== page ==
Photos by Caitlin Cunningham
Mother Nature decided to give Facilities Services lead mechanic Michael Franks one last, little send-off ahead of his retirement from Boston College on February 4: a major blizzard that pounded Eastern Massachusetts over the last weekend of January, which meant plenty of overtime for Franks and his coworkers as they kept campus operations running (with an encore of an ice storm on February 4).
But when you’ve worked someplace for 41 years, you tend to take things in stride, whether it’s long hours, rough weather, or assorted aches and pains. On his next-to-last day working the 6 a.m.-2 p.m. shift at the Service Building Garage, Franks contentedly reflected on his four decades at the Heights, where in addition to helping keep the University’s fleet of 150 service vehicles—plus landscaping equipment and the Conte Forum Zamboni machine, among other things—in working order, he was the driving force behind a regular early-morning on-campus hockey scrimmage.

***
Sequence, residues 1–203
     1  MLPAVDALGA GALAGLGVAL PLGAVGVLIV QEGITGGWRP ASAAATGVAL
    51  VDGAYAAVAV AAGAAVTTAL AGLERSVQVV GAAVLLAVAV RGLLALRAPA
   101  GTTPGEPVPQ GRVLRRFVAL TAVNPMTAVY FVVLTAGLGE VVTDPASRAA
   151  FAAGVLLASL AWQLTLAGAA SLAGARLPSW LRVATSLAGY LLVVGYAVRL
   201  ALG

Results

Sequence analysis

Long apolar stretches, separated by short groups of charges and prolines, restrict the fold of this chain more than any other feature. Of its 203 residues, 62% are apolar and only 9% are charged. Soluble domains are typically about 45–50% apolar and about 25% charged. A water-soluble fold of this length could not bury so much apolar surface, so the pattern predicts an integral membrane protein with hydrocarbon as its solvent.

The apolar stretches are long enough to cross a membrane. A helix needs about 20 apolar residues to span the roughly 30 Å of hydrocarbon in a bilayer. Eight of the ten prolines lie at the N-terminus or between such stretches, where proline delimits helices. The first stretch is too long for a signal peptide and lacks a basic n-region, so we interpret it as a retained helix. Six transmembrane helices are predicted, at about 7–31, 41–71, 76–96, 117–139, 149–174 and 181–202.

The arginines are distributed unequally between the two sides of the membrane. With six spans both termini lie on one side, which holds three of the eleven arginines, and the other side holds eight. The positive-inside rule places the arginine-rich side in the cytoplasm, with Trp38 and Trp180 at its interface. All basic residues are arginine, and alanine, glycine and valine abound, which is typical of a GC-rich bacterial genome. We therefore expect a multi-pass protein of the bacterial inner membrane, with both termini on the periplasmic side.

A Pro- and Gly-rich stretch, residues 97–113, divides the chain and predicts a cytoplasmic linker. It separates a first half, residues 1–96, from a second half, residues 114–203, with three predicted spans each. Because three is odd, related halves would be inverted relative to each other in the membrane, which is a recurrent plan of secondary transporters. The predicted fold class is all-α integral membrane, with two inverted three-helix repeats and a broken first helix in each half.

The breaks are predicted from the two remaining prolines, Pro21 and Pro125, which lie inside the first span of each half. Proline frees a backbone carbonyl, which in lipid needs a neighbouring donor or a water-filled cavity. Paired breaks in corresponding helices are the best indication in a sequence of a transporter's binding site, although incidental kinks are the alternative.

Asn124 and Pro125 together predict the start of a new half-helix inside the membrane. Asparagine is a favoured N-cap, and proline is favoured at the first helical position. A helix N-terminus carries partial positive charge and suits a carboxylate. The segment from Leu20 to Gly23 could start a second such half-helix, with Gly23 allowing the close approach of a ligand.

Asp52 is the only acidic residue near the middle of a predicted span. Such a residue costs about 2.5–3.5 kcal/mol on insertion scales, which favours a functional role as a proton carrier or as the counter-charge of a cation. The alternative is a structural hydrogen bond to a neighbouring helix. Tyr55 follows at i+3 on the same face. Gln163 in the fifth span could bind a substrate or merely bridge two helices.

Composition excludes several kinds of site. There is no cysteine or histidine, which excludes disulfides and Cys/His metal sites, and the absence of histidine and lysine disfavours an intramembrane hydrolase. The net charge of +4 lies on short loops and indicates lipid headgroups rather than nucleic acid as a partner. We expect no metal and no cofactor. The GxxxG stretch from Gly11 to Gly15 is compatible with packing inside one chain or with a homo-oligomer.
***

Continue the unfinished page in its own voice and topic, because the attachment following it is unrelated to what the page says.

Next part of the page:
“It was a hard decision to retire,” he said, sitting in his office, where four jump-charging units lined the window sill, a wall calendar sported a photo of a red 1960 BMW 507, and on a nearby shelf sat a table lamp with the figure of an eagle forming part of the base. “I like the job, and I think I still do it well.”
Part of the challenge to doing the job was keeping up to date on the mechanical or technological changes in the service vehicles and other equipment. “But it’s also, of course, a very physical job: lifting 100-pound tires, pushing a heavy machine forward, fixing things in an awkward position,” added Franks, who sustained a significant back injury a few years ago.
Add it all up, he said, and it seemed like the time had finally come to bid farewell to BC—not without regret.
“I’ll miss the people here the most,” said Franks. “You can’t please everybody, obviously, but the people at BC are the best. We do a good job, we work hard, and we do our part to help make BC run.”